I feel overwhelmed, like, all the time.
I work full time, take care of two dogs, volunteer for a couple of nonprofits and fit freelance into whatever remaining hours I have.
And I’m not even the busiest of my friends!
I have girlfriends who do everything I do — plus raise kids, take care of their parents, run marathons and somehow manage to keep their hair and nails looking great.
It occurred to me that there’s this pressure on women to do it all, to be Super Woman, to be the perfect mother and wife and employee and friend. We have to be at meetings on time, prepared with PowerPoints and perfectly edited reports. We have to plan the office birthday parties and throw baby showers for our coworkers. We have to plan potlucks for our kids, pay the bills on time, shop for groceries, wash the clothes and, on top of that, maintain (or fake it) the 25-year-old figure we haven’t seen in 10 years.
Is this fair?
I thought about this the other night when I caught a glimpse at the trailer for the new movie, “I Don’t Know How She Does It,” starring Sarah Jessica Parker.
The movie is based on Allison Pearson’s bestseller by the same name, in which Parker plays a high-achieving Manhattan woman who’s juggling everything from her career — she’s the breadwinner — to faking a store-bought mince pie to look homemade.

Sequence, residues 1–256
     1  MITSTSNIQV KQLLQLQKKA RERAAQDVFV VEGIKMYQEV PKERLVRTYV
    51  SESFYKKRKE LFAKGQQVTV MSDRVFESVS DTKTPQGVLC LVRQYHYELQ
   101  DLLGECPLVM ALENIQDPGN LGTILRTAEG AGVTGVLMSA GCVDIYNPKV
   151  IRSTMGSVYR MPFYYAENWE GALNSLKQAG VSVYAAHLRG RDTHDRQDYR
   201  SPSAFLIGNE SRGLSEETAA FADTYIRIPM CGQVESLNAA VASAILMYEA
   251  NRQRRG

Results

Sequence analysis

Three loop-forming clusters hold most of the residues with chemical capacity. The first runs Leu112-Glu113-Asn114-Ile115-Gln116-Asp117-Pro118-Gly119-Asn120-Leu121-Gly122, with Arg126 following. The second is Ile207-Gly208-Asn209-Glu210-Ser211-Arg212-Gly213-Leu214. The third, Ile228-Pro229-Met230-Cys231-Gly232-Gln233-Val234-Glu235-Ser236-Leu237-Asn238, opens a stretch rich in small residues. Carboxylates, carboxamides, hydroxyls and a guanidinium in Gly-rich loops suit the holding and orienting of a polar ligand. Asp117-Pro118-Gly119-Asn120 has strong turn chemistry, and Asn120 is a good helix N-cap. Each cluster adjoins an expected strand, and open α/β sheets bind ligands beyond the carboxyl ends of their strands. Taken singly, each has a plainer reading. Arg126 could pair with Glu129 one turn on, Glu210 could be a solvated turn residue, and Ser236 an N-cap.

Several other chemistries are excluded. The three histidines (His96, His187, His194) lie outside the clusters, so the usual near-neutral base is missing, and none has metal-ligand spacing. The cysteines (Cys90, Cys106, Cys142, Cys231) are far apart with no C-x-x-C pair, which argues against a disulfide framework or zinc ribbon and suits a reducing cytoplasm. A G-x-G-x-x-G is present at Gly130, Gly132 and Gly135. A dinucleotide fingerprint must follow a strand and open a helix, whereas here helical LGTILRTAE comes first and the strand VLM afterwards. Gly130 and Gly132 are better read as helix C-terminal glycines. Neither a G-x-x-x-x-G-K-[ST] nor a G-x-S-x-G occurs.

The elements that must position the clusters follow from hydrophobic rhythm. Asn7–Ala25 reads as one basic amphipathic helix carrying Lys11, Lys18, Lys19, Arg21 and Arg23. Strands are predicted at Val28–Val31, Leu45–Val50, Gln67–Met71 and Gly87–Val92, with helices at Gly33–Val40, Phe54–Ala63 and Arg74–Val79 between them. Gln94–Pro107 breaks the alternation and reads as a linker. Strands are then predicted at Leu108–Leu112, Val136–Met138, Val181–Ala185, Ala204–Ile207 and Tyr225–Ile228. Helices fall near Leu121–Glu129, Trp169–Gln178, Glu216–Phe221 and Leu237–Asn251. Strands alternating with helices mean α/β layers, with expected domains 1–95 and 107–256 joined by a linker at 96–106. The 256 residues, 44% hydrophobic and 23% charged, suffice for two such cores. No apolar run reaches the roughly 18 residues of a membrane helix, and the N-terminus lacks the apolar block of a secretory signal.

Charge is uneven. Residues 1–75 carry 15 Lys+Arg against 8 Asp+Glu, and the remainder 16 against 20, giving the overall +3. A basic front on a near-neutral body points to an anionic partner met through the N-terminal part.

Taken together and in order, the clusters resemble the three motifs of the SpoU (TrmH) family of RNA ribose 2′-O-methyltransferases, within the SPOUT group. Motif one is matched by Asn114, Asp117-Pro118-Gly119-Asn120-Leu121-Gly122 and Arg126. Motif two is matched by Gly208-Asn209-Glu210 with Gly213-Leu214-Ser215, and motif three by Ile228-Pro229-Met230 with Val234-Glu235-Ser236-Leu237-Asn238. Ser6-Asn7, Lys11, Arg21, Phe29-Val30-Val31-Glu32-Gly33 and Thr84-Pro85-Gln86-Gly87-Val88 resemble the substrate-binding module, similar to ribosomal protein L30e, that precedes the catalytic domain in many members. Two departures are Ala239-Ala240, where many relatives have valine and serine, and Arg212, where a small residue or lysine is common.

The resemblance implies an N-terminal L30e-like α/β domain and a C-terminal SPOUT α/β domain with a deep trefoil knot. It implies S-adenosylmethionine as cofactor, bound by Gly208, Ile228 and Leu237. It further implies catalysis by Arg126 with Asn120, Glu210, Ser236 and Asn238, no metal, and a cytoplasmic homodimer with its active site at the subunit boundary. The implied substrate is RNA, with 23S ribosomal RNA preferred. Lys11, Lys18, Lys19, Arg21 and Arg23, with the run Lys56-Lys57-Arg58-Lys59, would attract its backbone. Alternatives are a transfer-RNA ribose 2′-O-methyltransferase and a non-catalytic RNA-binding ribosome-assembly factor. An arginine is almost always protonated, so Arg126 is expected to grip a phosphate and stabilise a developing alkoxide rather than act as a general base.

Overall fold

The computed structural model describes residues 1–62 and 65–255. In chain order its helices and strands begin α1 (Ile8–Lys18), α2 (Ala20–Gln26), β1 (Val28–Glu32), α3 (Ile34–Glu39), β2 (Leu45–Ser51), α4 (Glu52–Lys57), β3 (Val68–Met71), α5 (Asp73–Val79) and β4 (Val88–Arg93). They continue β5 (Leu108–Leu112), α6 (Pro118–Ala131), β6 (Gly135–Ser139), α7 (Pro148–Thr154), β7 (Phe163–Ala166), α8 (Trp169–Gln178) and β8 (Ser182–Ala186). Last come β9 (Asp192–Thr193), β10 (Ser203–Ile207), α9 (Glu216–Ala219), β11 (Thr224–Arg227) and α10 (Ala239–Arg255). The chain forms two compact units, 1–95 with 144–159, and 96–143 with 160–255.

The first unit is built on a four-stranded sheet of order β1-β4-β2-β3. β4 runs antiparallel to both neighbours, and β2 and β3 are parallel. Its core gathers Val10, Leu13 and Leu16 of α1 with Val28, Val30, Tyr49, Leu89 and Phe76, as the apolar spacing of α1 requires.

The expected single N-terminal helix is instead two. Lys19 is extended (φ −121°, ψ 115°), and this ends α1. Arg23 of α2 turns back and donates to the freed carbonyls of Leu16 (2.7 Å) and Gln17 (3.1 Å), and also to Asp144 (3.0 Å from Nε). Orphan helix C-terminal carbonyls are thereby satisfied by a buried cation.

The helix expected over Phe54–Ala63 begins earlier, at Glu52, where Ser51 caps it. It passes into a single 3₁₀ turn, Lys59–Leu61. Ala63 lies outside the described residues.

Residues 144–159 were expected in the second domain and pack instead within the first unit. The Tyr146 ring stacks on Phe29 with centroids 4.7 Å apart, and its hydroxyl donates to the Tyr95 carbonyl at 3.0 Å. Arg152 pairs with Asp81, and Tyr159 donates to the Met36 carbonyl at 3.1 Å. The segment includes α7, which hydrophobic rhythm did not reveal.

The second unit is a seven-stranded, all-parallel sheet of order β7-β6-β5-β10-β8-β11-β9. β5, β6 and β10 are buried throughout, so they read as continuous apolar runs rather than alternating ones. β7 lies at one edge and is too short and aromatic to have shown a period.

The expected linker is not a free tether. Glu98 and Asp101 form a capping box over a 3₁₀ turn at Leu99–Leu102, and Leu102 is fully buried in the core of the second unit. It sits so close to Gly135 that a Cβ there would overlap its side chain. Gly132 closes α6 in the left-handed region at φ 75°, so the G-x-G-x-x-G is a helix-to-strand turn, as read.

Here’s the movie trailer
We all know women like that. The coworker who seems to meet all her deadlines — early — and still have time to chair several committees, coach her daughter’s soccer team and bake a mean bread pudding. Or the friend who can juggle motherhood, two jobs and finish law school — and still keep her body fat percentage in single digits.
We may not like these people — on the grounds of pure envy, of course — but we strive to be like them.
I wonder: do men feel this same pressure? Do men feel this need to be the perfect dad, husband, brother, coworker, friend? Are men programmed the way women are, to feel this urge to do it all?
What do you think?